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Should You Use the Top-Down or Bottom-Up Approach?

Top Down or Bottom Up

After having sold in a couple different environments in B2B (Business to Business) Sales, with a few years of experience under my belt, I can provide some perspective around whether it’s better to go the “Top – Down” approach, or the “Bottom – Up” approach.

You see, in B2B sales, there is often the question, “Is it better to go Top-Down, or Bottom-Up?”

To answer this question, let’s first define both approaches.

Top – Down Approach: this just means that when looking to sell to an organization, your strategy is to first reach and connect with the senior members of the organization (top) as opposed to the bottom. This can mean reaching out to the CEO, senior executives, VP’s, Directors, etc.

Bottom – Up Approach: this strategy means first reaching out to the lower rungs of the organization, first “selling” the individual contributors and mid-level managers, before presenting your product up to senior management.

With these defined, let’s go back to the question:

“In Sales, is it better USE the Top-Down or Bottom-Up approach?”

Generally speaking, in the vast majority of circumstances, it is better to go Top-Down rather than Bottom-Up. The reason for this is because once you have buy-in from senior management, it is much easier to go down the line and sell the rest of people who are in the lower levels. The reason is because once a senior executive mandates his team members to look at your product, they will be much more inclined to do so, than if you first convinced an individual contributor to tell his boss to look at something.

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Because of the nature of manager – employee relationships, generally speaking it is a better idea to first go top-down.

To first sell the senior members of the organization and then make your way down the organization’s ladder.

However, life is not always so black and white.

There is ALWAYS CONTEXT associated to each sale – for example:

  • the people involved
  • the company you’re selling into
  • the company culture
  • politics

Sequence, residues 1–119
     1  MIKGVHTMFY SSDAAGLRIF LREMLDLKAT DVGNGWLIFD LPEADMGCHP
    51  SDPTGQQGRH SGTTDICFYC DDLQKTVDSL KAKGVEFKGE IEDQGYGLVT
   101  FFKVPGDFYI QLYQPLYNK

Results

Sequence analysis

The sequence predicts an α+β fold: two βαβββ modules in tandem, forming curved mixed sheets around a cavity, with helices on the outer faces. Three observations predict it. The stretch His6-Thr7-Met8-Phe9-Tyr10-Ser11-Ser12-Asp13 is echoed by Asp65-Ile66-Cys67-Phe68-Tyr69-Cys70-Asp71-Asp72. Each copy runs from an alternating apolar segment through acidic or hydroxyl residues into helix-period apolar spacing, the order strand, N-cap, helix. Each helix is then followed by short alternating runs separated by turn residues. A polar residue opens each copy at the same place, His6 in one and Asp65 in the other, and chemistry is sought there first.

• egos
  • relationships
  • individual agendas
  • preconceived notions
  • prior experiences with your product
  • company initiatives
  • individual objectives
  • departmental objectives

These various factors can make a B2B sale complex.

This is especially true in Enterprise Sales when you have very expensive products and many people involved in the sale.

So,

With that said, is it better to go top-down or bottom-up?

The true answer is that…

It depends.

And it’s not all black and white.

The truth is that most of the time it’s better to go top-down, and sometimes it’s better to go bottom-up.

In what situations might you want to go bottom up?

Well going bottom-up is typically harder because to be successful, you usually have to end up convince more people in order to present something up to management…

And usually people at the bottom have much lower “pull” than someone at the top….

BUT,

Going bottom-up could be a good idea if you know that the particular VP or Senior Executive is NOT interested in listening to you or your solution…

THEN it might be a good idea to sell the people at the bottom, get them all to like your product, then have them present your product to their boss.

It’s kind of hard for a boss to completely ignore a whole team screaming employees itching for your product or service.

Again, this usually takes much more effort, so I would only do this for your KEY prospect companies where it doesn’t make sense to reach out to someone at the top first.

Another situation could be that you know someone at the bottom has been around for a long time, and although they don’t have a management title, they are the ones who actually have sway and voting power in the organization.

Again, this is why it all depends.

Another reason why it depends is because…

For example,

Let’s say you’re doing top-down trying to sell to coca-cola.

Does this mean you’re to aim for the VERY top, and call the CEO?

Probably not…

In a smaller company, it might make sense to call the CEO.

But for a larger organization maybe it might make sense to call someone like the Director, or the VP.

Who isn’t necessarily the decision maker, but has enough “pull” to easily get the decision maker to take a serious look at your proposition.

And they are also close enough to the mid-level managers and individual contributors at the bottom, where they can have them look at your resource as well.

That’s why at the end of the day…

The answer to the question, “Is it better to go top-down vs. bottom-up?”

Is that… It depends.

Generally speaking it is better to go top-down, but every situation is unique and ultimately…

the uniqueness of the situation will dictate the appropriate selling strategy.

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